I hope this note finds you well.
We all have people in our lives that have made a major impact: a parent, a teacher, a coach or a next-door neighbor. I was lucky to have a whole raft of those influential people who surrounded me in the little town of Augusta, Arkansas as I grew up. One of those lights was my Grandfather, William Clinton McAlexander. We in the family knew him as Grandpa Will but most everyone in the town of Augusta knew him as Mr. Mac.
Grandpa was raised in the Cache River bottoms ten miles south of town. As a young man his father was kicked in the face by a mule and died instantly. His mother, a strong willed woman, demanded that all five of her living children not marry, stay home to take care of her and run the farm. Of the five children Will was the only one to disobey his mother.
Grandpa was a quiet man, small in stature, no more than 5’5’ in height and never weighted more than 110 pounds soaking weight. I remember seeing the movie Little Man Big Man and thinking how it reminded me of my grandfather. During the Depression he went to Oregon where he worked in the timber industry. For a while after WWII he and his young family lived in Charleston, Indiana. The first long distance trip I ever took was by train to Charleston to visit my Grandparents for Christmas.
He never made much money, worked at a variety of jobs and raised a family of eight children. He always had a large garden and was an avid bee keeper. He didn’t talk much but when he spoke everyone listened.
When most people were preparing to retire he became the janitor at the Elementary School in Augusta. For at least two generations of children in Augusta Mr. Mac was the little man who kept the school clean, was there when we got there in the morning and presided over daily counseling sessions in the janitors closet. At the end of the day, after all of us were gone he could be seen through the windows pushing his wide brooms up and down the halls.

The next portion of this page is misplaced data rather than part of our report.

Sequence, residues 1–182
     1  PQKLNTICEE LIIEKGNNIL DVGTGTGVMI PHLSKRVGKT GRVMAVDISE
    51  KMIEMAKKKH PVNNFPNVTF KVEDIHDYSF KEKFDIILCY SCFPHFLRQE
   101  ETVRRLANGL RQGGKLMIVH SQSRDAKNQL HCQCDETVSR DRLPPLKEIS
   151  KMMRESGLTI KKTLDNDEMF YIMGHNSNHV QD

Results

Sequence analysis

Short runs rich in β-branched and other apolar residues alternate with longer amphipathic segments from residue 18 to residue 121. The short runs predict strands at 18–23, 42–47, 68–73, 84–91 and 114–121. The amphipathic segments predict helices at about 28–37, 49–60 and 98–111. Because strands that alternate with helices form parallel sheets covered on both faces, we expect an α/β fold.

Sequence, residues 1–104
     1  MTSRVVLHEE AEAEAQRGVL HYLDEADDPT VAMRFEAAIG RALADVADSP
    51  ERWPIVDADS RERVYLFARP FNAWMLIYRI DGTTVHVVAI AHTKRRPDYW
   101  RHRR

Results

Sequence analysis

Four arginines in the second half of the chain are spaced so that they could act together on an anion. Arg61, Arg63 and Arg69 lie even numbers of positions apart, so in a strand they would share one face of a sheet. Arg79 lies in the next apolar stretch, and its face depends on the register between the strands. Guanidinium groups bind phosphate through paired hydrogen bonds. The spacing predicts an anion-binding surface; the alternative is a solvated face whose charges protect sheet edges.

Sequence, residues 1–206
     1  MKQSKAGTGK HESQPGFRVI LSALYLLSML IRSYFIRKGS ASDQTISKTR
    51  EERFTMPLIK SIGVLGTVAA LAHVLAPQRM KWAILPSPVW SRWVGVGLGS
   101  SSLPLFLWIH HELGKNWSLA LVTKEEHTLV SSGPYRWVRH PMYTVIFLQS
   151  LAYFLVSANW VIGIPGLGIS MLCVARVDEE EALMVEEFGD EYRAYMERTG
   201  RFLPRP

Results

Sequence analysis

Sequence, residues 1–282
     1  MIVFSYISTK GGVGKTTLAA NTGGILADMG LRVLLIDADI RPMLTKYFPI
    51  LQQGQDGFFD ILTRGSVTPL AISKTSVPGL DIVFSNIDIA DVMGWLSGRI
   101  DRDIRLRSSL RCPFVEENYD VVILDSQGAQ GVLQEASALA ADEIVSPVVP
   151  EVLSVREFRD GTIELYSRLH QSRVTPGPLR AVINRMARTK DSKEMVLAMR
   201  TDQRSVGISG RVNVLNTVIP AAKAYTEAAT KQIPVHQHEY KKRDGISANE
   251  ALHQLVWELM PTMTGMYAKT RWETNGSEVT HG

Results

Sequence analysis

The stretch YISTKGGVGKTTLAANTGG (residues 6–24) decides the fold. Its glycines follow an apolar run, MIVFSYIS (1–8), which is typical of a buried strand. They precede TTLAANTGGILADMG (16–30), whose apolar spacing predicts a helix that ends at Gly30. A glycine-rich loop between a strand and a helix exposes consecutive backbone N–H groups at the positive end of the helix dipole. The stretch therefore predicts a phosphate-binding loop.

He had some eccentricities such as the use of the telephone. When he was through talking he would hang up even if you were in the middle of a sentence. In truth it may have been because he couldn’t hear well. To his death he never believed that man ever set foot on the moon.
Well after his wife died, the four brothers and sisters who had stayed home moved to town and it became his lot to take care of them as they aged and died.
He worked at the elementary school until his late 80s and died at age 93.
He led all of us by example. I never heard him raise his voice; he was up well before dawn and worked until bedtime. He never complained or suggested that anything was amiss. Forty-one years ago I named my first son after him and when I did discovered that there were at least seven other members of the immediate generation who had done the same thing.
Have a nice journey.